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  1. Daniel G. Campos (2015). The Role of Diagrammatic Reasoning in Ethical Deliberation. Transactions of the Charles S. Peirce Society 51 (3):338.
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  2. Vincent Colapietro (2015). The Pragmatic Significance of “Lost Causes”: Reflections on Josiah Royce in Light of William James and Edward Said. Transactions of the Charles S. Peirce Society 51 (3):277.
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  3. Jeffrey L. Kasser (2015). Structure and Content in "The Will to Believe". Transactions of the Charles S. Peirce Society 51 (3):320-337.
    This paper argues that sustained attention to the highlighted structure of William James's “The Will to Believe” yields surprising insights into the essay. “Highlighted structure” includes James's announcements of his intentions, his section breaks, and, especially, patterns of repetition and contrast within the work. Particular attention is paid to a criticism to which James frequently returns, viz. that evidentialists are driven by their passions to adopt evidentialism. I argue that James does not take this to constitute an objection to evidentialism (...)
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  4. William H. B. Mcauliffe (2015). How Did Abduction Get Confused with Inference to the Best Explanation? Transactions of the Charles S. Peirce Society 51 (3):300.
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  5. David W. Rodick (2015). The Issue of “Transitional Importance” in the Later Royce. Transactions of the Charles S. Peirce Society 51 (3):358.
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  6.  5
    Richard Kenneth Atkins (2015). Peirce's “Paradoxical Irradiations” and James's The Will to Believe. Transactions of the Charles S. Peirce Society 51 (2):173-200.
    In 1898, Peirce delivered a series of lectures titled Reasoning and the Logic of Things. Peirce scholars have found the first of those lectures—titled “Philosophy and the Conduct of Life”—especially perplexing.Some scholars have a decidedly negative assessment of Peirce’s lecture. Cornelis de Waal, for example, maintains that Peirce’s claims in the lecture are doubtful. He states that “Peirce... takes a radical stance, arguing emphatically that science should stay away from ‘matters of vital importance,’ moral problems among them, thereby denying the (...)
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  7.  10
    Cornelis de Waal (2015). Evidentialism and the Will to Believe by Scott F. Aikin. Transactions of the Charles S. Peirce Society 51 (2):266-271.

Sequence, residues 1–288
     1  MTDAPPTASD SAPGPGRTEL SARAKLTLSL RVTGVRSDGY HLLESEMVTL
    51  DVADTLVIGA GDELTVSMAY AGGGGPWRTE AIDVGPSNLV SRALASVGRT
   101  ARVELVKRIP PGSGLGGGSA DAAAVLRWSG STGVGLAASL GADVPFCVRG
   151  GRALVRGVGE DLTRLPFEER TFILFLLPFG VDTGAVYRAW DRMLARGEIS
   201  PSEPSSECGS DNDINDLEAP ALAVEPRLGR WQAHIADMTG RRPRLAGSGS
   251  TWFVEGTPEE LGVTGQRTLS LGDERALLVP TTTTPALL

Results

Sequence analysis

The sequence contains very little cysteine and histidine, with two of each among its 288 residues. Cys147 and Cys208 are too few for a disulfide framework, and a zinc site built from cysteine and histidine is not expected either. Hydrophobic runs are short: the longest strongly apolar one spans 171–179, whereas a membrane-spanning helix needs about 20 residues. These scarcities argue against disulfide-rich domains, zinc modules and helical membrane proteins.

Scott Aikin’s Evidentialism and the Will to Believe is the first book-length discussion of W.K. Clifford’s 1877 “The Ethics of Belief ” and William James’s 1896 “The Will to Believe.” Except for twenty pages, the book splits evenly between a detailed discussion of the two essays. A good book demands some good criticism, and I am hoping that the comments I make are read in that light. Evidentialism and the Will to Believe appears in the Bloomsbury Research in Analytic Philosophy (...)
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  8. Review by: Cornelis de Waal (2015). Review: Scott F. Aikin. [REVIEW] Transactions of the Charles S. Peirce Society 51 (2):266-271.
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  9.  3
    Katarzyna Kremplewska (2015). Coping with Finitude: Santayana Reading Heidegger. Transactions of the Charles S. Peirce Society 51 (2):225-265.
    There has been a long, surprisingly persistent tradition in labeling Santayana either as a unique and old fashioned figure of early twentieth century American philosophy, devoted to reviving metaphysics in a scholastic guise, or as a somewhat latent, closet pragmatist. This commonly held view was often additionally sealed in a dismissive way with the unpopular label of a quietist. In either case, the status of philosophical outcast was given to Santayana, echoing Charles William Eliot’s doubts as to the possible “usefulness” (...)
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  10.  1
    Thomas McLaughlin, Elize Bisanz, Scott R. Cunningham & Clyde Hendrick (2015). "Betagraphic": An Alternative Formulation of Predicate Calculus: Interdisciplinary Seminar on Peirce. Transactions of the Charles S. Peirce Society 51 (2):137-172.
    There are at least a few plausible grounds for our use of the term Beta in our title, notwithstanding that there is a key departure, in our framework, from classical Beta Existential Graphs. The situation, in brief, is as follows.The reader accustomed to Peirce’s graphical development of quantificational logic may, if desired, continue to think of formulas being written on a “sheet of assertion.” We retain the “cut” notation for negation and continue to represent conjunction simply by juxtaposition of diagrams. (...)
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  11. Interdisciplinary Seminar on Peirce (2015). “Betagraphic”: An Alternative Formulation of Predicate Calculus. Transactions of the Charles S. Peirce Society 51 (2):137.
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  12.  1